Google Maps leads Toronto man down treacherous road near Gander

A Toronto man who was in central Newfoundland for business last week got into trouble when the smartphone application he was using led him down a backcountry road.

'Wasn't really a good idea to take a side road,' Mark Shardar says, but Google Maps has disclaimer

Mark Shardar says a Google Maps app on his cellphone took him down a treacherous back road near Gander, N.L., when he was trying to get to the airport to take a flight back to Toronto. (Geoff Bartlett/CBC)

A Toronto man who was in central Newfoundland for business last week got into trouble when the smartphone application he was using led him down a backcountry road.

Mark Shardar decided to do a bit of sightseeing in his rental car, and take some pictures of local scenery, before catching his flight back to Toronto on Wednesday.

When he was ready to leave to catch his flight, he used the Google Maps app on his phone to navigate the roads back to Gander International Airport.

"Google Maps showed me to take a side road — and it seems like that wasn't really a good idea," he said.

"By the time I realized [his situation], I was 10-11 kilometres in. It was snow covered and the car got completely stuck."

It took two hours for police to get to Mark Shardar's vehicle out of the central Newfoundland predicament. (Marsh Motorsports)

In its terms of use, Google says it does not guarantee "accuracy of completeness" of any content in the Maps or Earth features.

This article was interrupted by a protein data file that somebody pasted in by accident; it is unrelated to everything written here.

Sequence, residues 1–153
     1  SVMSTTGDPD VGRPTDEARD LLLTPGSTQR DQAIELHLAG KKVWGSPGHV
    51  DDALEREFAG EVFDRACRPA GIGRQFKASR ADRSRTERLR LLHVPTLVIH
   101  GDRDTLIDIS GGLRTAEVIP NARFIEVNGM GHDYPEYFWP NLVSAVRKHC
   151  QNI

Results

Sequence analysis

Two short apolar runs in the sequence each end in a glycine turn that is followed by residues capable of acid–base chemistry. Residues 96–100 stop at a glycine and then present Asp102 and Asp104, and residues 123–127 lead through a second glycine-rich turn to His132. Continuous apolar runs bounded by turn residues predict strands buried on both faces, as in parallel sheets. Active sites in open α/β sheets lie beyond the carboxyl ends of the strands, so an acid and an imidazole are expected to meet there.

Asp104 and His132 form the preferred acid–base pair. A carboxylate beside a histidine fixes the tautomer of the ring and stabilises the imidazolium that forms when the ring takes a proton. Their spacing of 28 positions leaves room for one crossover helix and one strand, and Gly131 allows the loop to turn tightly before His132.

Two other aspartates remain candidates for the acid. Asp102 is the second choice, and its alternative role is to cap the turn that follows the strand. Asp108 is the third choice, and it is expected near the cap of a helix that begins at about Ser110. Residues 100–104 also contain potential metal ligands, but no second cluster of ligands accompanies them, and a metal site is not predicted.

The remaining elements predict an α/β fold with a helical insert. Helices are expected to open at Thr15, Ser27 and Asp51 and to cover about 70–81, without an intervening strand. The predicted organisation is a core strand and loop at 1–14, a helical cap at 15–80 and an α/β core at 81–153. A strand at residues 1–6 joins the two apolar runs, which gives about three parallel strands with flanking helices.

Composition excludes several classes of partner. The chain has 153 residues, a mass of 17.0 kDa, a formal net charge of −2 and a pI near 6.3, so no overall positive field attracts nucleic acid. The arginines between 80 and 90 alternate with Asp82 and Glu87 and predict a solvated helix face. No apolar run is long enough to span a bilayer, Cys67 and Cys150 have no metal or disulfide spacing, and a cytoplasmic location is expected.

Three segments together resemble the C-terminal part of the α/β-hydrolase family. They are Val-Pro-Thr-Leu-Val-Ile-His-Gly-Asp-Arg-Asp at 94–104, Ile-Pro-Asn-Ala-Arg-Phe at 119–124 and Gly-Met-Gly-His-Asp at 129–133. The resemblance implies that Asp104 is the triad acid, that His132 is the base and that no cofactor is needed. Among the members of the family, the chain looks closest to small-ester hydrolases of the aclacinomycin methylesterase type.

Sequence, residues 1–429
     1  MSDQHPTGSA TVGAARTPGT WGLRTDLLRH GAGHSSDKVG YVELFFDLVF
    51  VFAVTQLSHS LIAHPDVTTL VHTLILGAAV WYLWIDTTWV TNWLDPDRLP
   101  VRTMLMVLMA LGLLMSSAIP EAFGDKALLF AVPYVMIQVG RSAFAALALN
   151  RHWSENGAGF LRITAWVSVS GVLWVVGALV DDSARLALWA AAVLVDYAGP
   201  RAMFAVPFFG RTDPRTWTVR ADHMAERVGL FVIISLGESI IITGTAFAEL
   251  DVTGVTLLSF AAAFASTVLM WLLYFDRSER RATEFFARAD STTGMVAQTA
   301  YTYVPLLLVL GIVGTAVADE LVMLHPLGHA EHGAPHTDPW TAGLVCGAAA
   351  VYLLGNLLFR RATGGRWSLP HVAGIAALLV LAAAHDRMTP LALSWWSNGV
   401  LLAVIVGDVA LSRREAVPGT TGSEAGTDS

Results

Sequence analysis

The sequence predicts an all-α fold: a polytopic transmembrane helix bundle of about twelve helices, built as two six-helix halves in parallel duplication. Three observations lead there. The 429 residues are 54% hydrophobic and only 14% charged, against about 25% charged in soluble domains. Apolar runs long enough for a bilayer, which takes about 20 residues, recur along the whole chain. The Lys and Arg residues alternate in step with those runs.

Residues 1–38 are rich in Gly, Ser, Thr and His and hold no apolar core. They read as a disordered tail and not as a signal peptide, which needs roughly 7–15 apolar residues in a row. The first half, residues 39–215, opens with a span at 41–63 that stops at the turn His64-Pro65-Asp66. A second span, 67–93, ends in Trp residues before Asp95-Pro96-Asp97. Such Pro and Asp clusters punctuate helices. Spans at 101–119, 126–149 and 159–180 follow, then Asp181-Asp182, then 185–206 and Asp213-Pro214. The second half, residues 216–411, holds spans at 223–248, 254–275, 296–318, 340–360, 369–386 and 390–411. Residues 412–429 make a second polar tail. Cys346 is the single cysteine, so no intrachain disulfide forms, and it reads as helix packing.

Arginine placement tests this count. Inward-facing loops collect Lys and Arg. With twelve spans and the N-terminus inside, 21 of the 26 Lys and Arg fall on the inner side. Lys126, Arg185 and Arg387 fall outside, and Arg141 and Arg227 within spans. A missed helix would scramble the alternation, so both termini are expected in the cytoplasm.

The disclaimer says Google and its licencors are not liable for any damages or losses resulting from use of Google Maps.

Missed flight

With time running out to return the rental car and catch his flight, Sharder started to get desperate.

"I had to dig [out] with bare hands because [there was] no cellphone reception, so I tried to push forward trying to get a signal," he said.

"Eventually I had to call for help from the police and it took them about two hours to get to me because the roads are not accessible."

Police helped him organize getting a tow truck to get the car pulled out, and eventually the car was returned and a new flight was booked.

Not the 1st time

Shardar said he checked two different applications during his ordeal, and both showed the back road as a legitimate way to go.

He said the tow truck driver who helped him said there have been three recent incidents of other people going down the road and getting stuck.

When talking to police, Shardar recommended that they do something to prevent other people from driving down the road.

"I was telling the officers, 'I think it's a good idea to put up a sign.'"

"Somebody could get hurt."


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